In general, you write the numbers 16-19 and 21-29 in one word. The numbers 16, 22, 23 and 26 have accents on the last syllable: in Spanish we have a rule called “chord” that usually consists of words around the name to “match” the name of the sex and number. After experiencing the Spanish numerals, you can sound like a native Spanish speaker by paying attention to the nuances of speech and writing numbers. Here are the rules to remember when using numbers of cardinals in Spanish: you will learn the remaining verbs with your grids stretched by form of tense, and the pronouns begin to become more and more familiar, and that is the correspondence. You only use the conjunction y (and) for numbers between 16 and 99. You do not use it directly by the hundreds: you use numbers of cardinals when you express the first part of an address: Indirect pronouns: me, te, le, nos, os, les. The/them change to “se” when they go in front of “lo/la/los/las”, but this has nothing to do with an agreement. Ciento (100) is cien before the names of both sexes and before the numbers mil and millones. Before all other numbers, use ciento. One (one) that you do not use before cien (to) or mil, arrives before millón.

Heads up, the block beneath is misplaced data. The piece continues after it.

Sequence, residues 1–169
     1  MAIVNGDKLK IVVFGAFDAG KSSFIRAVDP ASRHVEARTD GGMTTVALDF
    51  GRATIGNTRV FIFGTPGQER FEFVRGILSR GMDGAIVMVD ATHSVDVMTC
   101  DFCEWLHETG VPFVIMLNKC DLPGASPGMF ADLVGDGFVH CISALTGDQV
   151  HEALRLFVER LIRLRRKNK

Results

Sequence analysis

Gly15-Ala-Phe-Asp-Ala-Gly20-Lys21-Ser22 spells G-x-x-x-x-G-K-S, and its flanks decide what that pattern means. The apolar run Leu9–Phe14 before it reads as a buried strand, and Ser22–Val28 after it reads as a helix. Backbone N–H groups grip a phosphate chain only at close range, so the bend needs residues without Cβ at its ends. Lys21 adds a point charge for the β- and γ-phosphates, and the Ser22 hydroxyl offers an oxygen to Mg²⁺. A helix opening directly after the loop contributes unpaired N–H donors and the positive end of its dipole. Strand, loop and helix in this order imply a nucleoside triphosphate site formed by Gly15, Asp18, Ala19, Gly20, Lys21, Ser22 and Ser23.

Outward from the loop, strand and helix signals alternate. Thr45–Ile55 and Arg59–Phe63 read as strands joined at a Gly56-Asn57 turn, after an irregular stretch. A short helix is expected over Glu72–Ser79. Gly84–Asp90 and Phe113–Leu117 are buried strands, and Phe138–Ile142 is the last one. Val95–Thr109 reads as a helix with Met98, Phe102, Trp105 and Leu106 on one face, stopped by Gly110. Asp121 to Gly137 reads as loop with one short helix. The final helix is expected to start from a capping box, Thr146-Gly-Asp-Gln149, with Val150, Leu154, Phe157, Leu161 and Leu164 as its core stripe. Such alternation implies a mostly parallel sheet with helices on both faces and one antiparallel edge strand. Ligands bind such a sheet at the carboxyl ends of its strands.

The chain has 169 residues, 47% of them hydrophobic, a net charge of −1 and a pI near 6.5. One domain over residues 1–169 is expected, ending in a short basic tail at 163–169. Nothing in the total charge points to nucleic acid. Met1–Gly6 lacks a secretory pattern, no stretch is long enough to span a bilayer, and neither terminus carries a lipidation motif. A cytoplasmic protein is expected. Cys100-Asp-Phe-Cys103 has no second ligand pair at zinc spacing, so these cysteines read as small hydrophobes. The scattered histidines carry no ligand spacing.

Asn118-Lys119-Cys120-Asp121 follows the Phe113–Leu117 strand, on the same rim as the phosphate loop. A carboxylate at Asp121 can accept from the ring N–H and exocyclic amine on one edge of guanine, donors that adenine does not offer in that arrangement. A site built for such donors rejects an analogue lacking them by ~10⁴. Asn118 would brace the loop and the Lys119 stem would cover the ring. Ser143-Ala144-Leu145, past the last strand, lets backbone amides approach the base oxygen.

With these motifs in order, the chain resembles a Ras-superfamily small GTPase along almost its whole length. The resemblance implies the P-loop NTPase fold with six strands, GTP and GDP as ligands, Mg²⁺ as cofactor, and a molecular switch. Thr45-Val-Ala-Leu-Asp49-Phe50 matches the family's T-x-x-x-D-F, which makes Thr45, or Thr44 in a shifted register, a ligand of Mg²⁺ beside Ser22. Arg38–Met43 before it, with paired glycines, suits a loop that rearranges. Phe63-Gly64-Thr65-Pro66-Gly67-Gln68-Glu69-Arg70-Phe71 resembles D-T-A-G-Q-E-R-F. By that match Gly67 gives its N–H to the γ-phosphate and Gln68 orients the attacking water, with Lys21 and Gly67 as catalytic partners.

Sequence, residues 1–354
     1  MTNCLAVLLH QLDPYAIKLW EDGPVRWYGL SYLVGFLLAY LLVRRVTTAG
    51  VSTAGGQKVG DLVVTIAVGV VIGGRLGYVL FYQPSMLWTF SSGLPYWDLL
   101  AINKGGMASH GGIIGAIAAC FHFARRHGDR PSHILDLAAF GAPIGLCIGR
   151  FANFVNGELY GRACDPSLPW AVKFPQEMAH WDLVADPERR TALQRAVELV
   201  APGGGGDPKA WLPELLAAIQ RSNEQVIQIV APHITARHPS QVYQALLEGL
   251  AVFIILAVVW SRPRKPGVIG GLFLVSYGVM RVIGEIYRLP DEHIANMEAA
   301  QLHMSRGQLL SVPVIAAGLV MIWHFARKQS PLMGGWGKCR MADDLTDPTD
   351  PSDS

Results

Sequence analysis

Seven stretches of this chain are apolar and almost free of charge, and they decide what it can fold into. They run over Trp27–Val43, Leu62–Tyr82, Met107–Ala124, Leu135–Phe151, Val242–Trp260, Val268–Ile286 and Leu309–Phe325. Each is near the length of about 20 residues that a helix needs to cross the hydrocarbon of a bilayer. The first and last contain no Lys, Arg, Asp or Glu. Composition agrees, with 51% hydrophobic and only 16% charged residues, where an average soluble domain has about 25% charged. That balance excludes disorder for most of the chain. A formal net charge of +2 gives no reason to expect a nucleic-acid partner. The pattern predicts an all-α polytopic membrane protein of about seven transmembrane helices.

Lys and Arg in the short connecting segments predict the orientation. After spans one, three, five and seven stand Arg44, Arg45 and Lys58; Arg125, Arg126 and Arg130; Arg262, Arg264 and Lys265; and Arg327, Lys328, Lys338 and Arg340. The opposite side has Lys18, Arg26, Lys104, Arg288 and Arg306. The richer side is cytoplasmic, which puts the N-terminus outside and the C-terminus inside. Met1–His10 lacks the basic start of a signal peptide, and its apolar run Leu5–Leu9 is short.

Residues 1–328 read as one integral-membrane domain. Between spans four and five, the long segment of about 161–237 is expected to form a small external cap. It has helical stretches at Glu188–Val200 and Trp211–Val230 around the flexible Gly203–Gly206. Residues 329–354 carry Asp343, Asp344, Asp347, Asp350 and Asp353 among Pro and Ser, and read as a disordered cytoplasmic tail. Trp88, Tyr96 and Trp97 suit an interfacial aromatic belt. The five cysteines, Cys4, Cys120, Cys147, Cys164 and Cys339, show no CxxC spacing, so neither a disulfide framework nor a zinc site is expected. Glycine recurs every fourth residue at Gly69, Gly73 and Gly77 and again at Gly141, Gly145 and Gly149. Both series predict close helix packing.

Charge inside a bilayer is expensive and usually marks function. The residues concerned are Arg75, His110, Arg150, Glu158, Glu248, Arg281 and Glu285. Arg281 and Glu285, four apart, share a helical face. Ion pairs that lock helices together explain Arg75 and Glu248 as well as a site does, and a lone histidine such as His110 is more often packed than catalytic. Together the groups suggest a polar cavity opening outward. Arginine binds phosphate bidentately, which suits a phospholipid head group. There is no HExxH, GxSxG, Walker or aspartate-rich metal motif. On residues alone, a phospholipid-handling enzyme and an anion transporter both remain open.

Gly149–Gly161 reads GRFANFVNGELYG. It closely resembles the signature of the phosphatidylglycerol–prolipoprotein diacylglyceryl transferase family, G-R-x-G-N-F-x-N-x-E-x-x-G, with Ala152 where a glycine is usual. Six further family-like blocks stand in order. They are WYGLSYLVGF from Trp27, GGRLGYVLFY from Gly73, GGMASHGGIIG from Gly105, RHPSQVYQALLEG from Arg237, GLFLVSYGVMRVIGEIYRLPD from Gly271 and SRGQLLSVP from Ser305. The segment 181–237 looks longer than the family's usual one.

If a noun follows millón, place the preposition of between millón and the noun. Millón loses its plural accent: now that we have dealt with how the articles correspond to the nouns they return, we can agree on the adjectives. A noun is almost always used with an article before and often with an adjective behind. Remember that the noun is the center of this relationship and that articles and adjectives should match the noun in gender and number. Unlike nouns, articles and adjectives can change — they are like chameleons, as they take the gender and number of the name they are connected to. We say: the rose blanca and el caballo pardo or el hombre alto and the mujer alta. Can you see how spanish articles precede the noun and descriptive adjectives (colored adjectives are perfect examples) follow the noun? Let`s make the previous examples in the plural, that is, if Rosas rosas and Caballo becomes Caballos, we must match the articles and adjectives with the noun. Remember that the name determines the gender of the modifiers; So we read: roses blancas and go caballos pardos. Look at these other examples with larger numbers: if it ends on an -e or an ista, the sex does not change, but add an -s for the plural. Example: verde/s (green), idealista/s (idealistic). Exception: for adjectives that end in z in the singular, change z to c before adding pluralistic rounding. Interpellation – these words express a reaction and are very independent: Bueno, wow..